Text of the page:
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Gabrielle Canon here, taking you through the news for the rest of the afternoon from the west coast.

A New York Times investigation has shed light on an American drone strike in Afghanistan — one of the last fired in the war that stretched over 20 years — and raised new questions about whether it was justified.

The missile launched at a vehicle by the US military killed 10 people in Kabul on August 29, including 7 children, according to the report. Reporters also discovered that officials did not identify who the driver before firing, even though they later alleged the target taken out was ISIS affiliated.

Now revealed to be Zemari Ahmadi, a US aid group worker, interviews and surveillance footage reviewed by the NYT suggests he may have been taking colleagues to and from work when he died in the blast, and that the large containers identified in his car were filled with water to be distributed to neighbors.

From the NYT:

From the NYT:

According to one of Mr. Ahmadi’s passengers, a colleague who regularly commuted with him, the ride home was filled with their usual laughing and banter, but with one difference: Mr. Ahmadi kept the radio silent, as he was afraid of getting in trouble with the Taliban. “He liked happy music,” the colleague said. “That day, we couldn’t play any in the car.”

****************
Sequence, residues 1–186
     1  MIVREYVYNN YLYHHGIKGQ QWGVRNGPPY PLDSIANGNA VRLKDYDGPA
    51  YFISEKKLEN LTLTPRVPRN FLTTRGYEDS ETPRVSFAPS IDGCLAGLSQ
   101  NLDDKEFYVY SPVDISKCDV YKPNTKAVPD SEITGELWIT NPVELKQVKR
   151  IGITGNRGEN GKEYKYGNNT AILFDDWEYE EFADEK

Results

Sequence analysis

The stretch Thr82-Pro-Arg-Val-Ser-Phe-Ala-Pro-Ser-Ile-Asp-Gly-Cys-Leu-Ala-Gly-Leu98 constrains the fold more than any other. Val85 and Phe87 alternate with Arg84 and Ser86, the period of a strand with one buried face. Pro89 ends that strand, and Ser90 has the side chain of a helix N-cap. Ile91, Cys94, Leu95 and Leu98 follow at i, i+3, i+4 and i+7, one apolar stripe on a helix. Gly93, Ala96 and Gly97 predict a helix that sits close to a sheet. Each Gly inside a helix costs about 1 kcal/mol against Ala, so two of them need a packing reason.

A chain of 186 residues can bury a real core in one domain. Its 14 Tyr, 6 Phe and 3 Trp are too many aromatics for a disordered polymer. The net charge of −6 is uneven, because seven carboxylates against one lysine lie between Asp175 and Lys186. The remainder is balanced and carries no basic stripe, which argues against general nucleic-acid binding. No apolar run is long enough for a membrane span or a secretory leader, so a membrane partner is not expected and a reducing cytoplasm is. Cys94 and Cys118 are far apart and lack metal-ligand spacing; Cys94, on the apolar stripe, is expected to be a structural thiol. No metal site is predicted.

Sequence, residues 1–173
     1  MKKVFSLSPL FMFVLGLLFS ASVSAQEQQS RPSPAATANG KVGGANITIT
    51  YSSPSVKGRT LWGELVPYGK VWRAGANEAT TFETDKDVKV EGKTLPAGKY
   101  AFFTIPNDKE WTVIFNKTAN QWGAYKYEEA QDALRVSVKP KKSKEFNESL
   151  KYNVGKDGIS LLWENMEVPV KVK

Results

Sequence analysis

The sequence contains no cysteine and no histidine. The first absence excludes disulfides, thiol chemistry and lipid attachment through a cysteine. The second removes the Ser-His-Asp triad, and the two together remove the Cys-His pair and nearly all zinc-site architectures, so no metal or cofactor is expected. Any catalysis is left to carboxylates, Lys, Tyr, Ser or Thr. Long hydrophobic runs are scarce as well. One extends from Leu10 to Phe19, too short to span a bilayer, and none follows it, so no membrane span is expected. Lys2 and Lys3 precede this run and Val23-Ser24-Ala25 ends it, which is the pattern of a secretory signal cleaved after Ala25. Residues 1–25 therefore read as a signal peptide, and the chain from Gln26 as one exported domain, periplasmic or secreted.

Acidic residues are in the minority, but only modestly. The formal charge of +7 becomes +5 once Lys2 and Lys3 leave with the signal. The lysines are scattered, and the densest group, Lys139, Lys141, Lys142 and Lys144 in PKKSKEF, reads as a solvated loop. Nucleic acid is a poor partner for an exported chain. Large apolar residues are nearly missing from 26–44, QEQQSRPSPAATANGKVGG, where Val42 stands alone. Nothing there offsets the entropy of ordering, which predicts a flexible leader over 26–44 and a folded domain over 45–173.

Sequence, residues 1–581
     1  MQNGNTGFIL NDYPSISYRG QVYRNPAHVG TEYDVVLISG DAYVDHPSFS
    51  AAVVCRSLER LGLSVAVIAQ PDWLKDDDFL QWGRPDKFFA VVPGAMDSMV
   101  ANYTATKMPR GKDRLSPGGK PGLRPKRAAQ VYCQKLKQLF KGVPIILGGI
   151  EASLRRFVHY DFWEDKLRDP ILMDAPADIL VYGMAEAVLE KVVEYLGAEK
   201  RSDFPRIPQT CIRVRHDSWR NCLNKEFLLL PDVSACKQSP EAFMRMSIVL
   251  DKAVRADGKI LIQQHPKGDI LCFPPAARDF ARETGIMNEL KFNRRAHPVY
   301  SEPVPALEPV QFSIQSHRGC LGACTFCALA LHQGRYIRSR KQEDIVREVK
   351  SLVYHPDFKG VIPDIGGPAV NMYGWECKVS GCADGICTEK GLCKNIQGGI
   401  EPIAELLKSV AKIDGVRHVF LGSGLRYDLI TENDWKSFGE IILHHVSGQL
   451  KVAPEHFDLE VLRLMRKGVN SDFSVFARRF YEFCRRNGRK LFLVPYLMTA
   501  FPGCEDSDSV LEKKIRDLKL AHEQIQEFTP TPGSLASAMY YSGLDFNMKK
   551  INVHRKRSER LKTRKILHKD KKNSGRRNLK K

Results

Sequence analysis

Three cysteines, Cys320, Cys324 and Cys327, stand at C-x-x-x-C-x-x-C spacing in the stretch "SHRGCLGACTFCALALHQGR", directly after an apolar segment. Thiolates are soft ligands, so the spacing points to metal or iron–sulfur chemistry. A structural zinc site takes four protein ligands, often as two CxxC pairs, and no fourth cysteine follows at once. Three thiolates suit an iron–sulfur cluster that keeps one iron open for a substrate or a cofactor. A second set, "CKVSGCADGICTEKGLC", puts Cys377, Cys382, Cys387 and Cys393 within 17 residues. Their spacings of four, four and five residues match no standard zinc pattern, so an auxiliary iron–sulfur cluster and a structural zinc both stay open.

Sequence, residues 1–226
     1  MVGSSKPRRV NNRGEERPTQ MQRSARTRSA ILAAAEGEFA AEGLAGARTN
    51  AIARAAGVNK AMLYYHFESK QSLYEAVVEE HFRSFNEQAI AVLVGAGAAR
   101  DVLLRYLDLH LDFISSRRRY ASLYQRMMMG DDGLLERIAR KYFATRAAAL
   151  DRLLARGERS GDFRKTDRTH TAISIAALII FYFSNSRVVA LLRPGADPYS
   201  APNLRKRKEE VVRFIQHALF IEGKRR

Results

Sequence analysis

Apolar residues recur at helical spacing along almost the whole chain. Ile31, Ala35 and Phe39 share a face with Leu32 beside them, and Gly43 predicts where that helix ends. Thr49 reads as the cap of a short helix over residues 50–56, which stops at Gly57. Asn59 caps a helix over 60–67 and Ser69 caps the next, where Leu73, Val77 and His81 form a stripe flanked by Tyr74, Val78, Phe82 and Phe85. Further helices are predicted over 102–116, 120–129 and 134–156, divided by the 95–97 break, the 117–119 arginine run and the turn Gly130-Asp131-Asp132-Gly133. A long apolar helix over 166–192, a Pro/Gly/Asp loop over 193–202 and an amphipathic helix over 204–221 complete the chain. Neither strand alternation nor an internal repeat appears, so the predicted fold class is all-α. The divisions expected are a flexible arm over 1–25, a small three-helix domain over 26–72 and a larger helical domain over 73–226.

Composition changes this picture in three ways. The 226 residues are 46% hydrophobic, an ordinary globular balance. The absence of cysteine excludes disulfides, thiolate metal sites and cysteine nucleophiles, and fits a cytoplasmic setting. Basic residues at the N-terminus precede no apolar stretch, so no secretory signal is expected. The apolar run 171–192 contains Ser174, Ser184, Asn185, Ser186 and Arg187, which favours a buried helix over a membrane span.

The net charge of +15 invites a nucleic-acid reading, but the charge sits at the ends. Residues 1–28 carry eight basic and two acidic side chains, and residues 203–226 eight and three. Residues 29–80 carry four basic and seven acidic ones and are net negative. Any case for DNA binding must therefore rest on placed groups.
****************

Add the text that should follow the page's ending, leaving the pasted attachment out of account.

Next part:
Mr. Ahmadi dropped off his three passengers, and then headed for his home near the airport. “I asked him to come in for a bit, but he said he was tired,” the last passenger said.

Although U.S. officials said that at that point they still knew little about Mr. Ahmadi’s identity, they had become convinced that the white sedan he was driving posed an imminent threat to troops at the airport.

When Mr. Ahmadi pulled into the courtyard of his home — which officials said was different than the alleged ISIS safe house — the tactical commander made the decision to strike his vehicle, launching a Hellfire missile at around 4:50 p.m.

Although the target was now inside a densely populated residential area, the drone operator quickly scanned and saw only a single adult male greeting the vehicle, and therefore assessed with “reasonable certainty” that no women, children or noncombatants would be killed, U.S. officials said.

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